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The morning before our flight home, we rented a jet ski and sported about for a half hour. The machine, a Yamaha, seemed very powerful. The water was choppy, and I never quite managed to take the machine to full throttle, as it jumped and bucked. Sally rode behind me, and proclaimed herself thoroughly shaken and glad to still be alive when we were done. But note, she never complained or requested that we slow down. That’s my gal!

Helping bluebirds, and some good and not-so-good internet experiences


Since 2004, Sally has tended a group of bluebird houses in Cary on the Lochmere golf course, near where we used to live.  She keeps fourteen houses in good working order and keeps track of the numbers of eggs and numbers of hatchlings, then passes the data along to the North Carolina Bluebird Society.  Bluebird rely on human-built boxes for breeding spaces, and Sally likes helping them.  It’s the breeding season, and this week she invited me to come along after work to see the activity.

She already had secured a golf cart when I arrived.  It was a sunny, mild afternoon, and there were plenty of golfers out on the course.  She started with hole number 1, where Sally opened the door, pulled out the nest of pine straw, and found several dark gray nestlings, which snuggled together quietly.  Their mama was not at home, but at the next house, the mama bird shot out as we got close to the house and nearly hit my face.  

At the third house there were both bluebird and chickadee eggs. We saw several others populated by hatchlings and eggs that must have been close to hatching. In one, where there had been eggs the week before, there were none.  Sally said a snake had probably got them.  It seemed sad, though not, I guess, for the snake.  Anyhow it was most pleasant to see the birds and birds-to-be with my dear one, and learn more about their lives.

We have tickets for a trip to Cozumel next week for several days of scuba diving, and this week we met with our group at Down Under Surf and Scuba to get briefed on drift diving and other procedures.  Back home, we began our preparations — checking over the gear, refreshing on protocols, and paging through our sea creature identification books.  My underwater strobe wasn’t working properly, so I’ll need to get that over to the dive shop for a consult.  

Cozumel is English-language friendly, but even so I’ve been inspired to try to advance my Spanish.  In addition to Rosetta Stone, I’ve been working on verb conjugation at a very helpful web site that generates drills for every tense. I’ve been focusing on the preterite and the imperfect, and improving.

I’ve also been sampling lessons at Livemocha.  This service invites native speakers of one language, like Spanish, to help those interested in learning their language, like me, and they may also get help in another language, like English, from someone like me. I’ve gotten useful written feedback from folks in Columbia and Mexico, and have tried to give others some helpful tips on English.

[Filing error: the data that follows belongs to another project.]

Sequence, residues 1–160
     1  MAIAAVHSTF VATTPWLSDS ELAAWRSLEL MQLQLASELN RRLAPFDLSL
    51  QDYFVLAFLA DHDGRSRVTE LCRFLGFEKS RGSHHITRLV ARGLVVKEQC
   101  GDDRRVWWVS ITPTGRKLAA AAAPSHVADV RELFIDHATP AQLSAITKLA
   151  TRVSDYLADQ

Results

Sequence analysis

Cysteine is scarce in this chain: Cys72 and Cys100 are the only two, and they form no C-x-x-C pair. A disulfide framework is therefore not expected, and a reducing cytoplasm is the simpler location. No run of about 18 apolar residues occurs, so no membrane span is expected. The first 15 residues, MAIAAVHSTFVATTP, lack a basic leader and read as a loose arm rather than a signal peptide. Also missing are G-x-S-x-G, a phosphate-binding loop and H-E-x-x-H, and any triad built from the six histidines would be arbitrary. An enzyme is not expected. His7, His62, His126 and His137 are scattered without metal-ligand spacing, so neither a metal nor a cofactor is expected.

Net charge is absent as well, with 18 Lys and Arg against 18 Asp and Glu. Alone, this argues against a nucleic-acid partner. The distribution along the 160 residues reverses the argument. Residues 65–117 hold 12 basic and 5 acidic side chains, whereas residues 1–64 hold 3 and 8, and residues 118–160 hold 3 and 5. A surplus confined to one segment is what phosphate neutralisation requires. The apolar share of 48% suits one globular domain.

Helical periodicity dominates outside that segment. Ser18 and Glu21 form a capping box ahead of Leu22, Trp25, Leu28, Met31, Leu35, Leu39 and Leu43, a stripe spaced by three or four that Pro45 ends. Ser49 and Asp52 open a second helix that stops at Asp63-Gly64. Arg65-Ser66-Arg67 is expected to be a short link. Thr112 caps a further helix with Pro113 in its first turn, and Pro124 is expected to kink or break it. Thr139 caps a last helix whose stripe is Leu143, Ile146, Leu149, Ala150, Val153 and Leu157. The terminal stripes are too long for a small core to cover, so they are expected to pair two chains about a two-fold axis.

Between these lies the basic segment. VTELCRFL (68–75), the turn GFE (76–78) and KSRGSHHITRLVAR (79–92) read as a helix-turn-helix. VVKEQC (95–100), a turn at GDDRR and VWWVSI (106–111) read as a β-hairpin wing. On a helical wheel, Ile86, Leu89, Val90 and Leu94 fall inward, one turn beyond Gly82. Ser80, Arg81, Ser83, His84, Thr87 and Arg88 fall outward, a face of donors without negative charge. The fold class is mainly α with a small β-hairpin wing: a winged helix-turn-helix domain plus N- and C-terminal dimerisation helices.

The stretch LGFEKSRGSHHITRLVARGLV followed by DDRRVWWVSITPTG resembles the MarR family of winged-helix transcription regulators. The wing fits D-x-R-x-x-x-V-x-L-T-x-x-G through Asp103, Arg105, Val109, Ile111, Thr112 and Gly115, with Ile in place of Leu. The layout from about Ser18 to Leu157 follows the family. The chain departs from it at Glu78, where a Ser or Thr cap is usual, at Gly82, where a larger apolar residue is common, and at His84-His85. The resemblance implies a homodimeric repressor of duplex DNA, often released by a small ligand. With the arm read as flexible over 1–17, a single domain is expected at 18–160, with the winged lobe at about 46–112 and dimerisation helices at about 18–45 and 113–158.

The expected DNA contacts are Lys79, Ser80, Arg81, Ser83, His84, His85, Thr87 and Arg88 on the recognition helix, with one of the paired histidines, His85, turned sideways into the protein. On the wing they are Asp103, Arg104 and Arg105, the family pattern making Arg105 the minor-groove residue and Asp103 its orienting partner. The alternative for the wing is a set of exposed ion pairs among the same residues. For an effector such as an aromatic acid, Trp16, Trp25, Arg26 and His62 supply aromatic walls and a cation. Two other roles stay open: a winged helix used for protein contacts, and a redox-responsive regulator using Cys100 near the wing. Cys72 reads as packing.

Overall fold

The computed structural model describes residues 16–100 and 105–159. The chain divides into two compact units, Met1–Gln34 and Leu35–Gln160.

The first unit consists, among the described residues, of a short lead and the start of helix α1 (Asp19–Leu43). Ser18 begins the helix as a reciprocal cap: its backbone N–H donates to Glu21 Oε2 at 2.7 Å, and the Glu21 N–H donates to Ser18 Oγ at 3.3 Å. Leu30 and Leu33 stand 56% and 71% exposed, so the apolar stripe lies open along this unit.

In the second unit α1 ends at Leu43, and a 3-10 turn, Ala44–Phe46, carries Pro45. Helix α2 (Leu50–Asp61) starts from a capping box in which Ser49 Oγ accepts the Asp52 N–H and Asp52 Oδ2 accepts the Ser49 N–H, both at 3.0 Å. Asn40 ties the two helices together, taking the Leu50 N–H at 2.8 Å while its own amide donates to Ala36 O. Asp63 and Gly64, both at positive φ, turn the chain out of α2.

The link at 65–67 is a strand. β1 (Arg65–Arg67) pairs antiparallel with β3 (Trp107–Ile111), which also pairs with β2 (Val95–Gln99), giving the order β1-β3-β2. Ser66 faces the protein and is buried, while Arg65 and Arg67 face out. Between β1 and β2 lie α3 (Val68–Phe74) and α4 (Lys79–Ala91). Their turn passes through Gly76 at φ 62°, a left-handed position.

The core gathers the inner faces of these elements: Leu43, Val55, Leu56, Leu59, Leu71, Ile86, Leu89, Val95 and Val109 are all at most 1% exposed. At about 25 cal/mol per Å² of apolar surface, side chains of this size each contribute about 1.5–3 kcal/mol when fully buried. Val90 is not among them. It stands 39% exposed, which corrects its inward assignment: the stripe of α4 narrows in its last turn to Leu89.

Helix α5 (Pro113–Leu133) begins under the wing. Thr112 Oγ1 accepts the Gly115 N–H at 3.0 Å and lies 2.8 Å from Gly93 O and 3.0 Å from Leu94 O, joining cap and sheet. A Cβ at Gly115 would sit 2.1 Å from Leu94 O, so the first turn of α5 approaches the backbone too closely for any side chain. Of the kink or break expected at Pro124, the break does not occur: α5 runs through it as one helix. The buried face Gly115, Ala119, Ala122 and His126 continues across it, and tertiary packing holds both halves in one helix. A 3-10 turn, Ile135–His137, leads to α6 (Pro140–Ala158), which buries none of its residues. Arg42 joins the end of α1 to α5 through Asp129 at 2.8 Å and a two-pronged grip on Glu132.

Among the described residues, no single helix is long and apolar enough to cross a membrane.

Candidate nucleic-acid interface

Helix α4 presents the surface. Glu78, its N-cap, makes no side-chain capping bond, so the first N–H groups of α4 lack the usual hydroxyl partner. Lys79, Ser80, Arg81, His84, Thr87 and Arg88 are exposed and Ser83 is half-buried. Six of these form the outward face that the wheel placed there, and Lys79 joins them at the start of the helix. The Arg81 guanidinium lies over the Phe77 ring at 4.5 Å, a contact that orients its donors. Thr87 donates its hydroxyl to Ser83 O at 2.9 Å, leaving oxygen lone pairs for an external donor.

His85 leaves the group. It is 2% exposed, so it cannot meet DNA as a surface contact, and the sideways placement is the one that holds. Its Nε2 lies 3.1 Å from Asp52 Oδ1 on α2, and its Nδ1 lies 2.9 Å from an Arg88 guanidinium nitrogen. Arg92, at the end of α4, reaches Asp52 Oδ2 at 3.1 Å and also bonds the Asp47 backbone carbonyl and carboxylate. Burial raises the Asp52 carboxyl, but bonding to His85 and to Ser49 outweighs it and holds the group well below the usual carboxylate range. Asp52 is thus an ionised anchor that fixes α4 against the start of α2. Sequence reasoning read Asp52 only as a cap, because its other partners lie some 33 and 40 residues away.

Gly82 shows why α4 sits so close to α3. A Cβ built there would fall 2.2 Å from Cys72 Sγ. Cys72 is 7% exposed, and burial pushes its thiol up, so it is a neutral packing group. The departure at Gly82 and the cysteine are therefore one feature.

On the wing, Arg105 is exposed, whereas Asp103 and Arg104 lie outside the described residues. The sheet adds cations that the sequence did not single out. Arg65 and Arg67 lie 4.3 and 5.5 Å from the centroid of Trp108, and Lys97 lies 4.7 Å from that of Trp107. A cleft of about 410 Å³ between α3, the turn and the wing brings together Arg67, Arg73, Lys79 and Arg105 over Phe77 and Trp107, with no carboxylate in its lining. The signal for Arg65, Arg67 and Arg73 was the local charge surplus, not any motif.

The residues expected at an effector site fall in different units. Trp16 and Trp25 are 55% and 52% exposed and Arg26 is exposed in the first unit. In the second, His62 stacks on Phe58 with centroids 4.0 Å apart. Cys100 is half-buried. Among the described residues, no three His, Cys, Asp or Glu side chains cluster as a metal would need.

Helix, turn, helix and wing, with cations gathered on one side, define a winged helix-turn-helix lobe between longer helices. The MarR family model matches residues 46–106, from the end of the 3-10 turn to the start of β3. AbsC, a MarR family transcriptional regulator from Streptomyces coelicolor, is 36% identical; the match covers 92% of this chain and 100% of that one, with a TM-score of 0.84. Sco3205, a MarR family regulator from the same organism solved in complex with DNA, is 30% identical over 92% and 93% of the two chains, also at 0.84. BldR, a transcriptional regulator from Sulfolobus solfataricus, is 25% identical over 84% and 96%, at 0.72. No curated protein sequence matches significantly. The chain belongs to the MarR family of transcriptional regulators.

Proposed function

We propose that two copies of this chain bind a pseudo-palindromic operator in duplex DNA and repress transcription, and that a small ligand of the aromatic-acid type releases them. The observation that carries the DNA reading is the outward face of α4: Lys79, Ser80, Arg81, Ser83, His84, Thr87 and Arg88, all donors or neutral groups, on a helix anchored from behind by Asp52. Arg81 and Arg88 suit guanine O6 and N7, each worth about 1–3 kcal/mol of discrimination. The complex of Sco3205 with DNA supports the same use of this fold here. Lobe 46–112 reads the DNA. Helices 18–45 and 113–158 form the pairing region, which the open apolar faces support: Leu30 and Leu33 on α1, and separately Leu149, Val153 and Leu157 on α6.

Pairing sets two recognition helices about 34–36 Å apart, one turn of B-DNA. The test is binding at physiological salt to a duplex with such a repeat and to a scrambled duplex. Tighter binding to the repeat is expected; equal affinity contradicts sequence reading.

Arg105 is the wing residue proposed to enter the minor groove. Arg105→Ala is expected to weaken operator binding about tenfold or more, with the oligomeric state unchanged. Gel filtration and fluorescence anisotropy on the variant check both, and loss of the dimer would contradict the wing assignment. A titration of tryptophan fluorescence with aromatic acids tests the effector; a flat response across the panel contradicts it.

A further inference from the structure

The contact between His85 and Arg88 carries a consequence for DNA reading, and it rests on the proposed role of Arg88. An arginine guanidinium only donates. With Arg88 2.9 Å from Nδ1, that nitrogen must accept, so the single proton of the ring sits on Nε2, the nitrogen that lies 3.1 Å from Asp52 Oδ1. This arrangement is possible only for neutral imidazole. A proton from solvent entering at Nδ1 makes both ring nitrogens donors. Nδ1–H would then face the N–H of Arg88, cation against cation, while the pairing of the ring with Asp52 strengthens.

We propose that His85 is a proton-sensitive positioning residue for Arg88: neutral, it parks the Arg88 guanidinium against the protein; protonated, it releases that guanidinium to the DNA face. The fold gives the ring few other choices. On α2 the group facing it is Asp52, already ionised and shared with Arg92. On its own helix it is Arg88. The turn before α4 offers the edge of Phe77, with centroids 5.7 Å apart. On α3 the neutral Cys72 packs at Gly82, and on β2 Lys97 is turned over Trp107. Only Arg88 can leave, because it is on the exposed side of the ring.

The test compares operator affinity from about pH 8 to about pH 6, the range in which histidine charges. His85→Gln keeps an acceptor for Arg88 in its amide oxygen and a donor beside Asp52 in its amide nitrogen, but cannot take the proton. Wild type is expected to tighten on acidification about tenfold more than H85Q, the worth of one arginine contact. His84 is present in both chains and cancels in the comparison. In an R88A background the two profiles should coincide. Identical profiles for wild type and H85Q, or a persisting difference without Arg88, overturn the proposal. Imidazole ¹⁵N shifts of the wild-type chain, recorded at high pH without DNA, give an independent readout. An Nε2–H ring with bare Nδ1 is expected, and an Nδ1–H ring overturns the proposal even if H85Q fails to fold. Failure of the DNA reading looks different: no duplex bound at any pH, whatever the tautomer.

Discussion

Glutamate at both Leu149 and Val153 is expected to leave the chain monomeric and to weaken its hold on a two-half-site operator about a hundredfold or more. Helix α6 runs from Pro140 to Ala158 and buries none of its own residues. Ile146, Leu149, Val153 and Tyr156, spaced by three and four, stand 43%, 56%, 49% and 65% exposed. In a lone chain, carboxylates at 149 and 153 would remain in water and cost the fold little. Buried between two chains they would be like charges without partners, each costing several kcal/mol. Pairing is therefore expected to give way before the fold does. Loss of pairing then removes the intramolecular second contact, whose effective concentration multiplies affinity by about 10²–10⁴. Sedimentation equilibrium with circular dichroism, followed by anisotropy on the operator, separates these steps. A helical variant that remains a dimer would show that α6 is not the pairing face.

The idea of the internet connecting language students is exciting. At the same time, it’s a little unsettling. Livemocha allows for “friending” requests, and I’ve gotten a few of these, but so far I haven’t accepted. I’m not quite clear on what the responsibilities, and risks, might be. I’m more or less constantly overcommitted already, and I would be sorry to disappoint my as yet unknown “friends” in, say, Columbia. And I would be particularly sorry if they turned out to be violent sociopaths of some sort.

Speaking of internet risks, I had an odd experience this week. I finished The Self Illusion: How the Social Brain Creates Identity, by Bruce Hood, which I’d purchased from Amazon in the Kindle edition to read on my tablet device. The next day, I got an email from Amazon asking me how I liked The Self Illusion. !!! I hadn’t realized that Amazon had invited itself quite so intimately into my reading life. Of course, I didn’t read whatever they required me to click on (does anybody?), so it’s possible that I in some hyper legal sense agreed to let them monitor my reading. But really! That’s just icky!

Great N.C. wreck diving, compassion for sea creatures, and collective intelligence

For Labor Day weekend, Sally and I went down to Wrightsville Beach, NC, for some wreck diving and extended our lucky streak of exceptional coastal dives. Our trip was organized by our friends at Down Under Surf and Scuba, and we went out on the Aquatic Safaris I. The 48-foot boat I carried 19 divers.

Saturday was warm and clear, with mild breezes and fairly calm seas. We dove the City of Houston, a passenger-freighter that foundered in a storm in 1878. She lies about 50 miles from Wrightsville. It took two and a half hours of hard traveling to get there. Shortly after we anchored and I visited the head, I felt queasy and promptly got sick. Then I felt mostly better, and we jumped in and headed down the anchor line to the wreck.

The Houston lies at about 95 feet down. Visibility was good (perhaps 60 feet) and the water temperature was a comfortable 82 degrees. There was a mild amount of current on the bottom. There were thousands of small fish. Our most dramatic sighting of the day was a goliath grouper, an enormous fellow, almost six feet long. My camera battery gave out when I tried to get a picture. I did, however, get some other pictures, including Sally examining something tiny with her magnifying glass (above) and great clouds of small fish.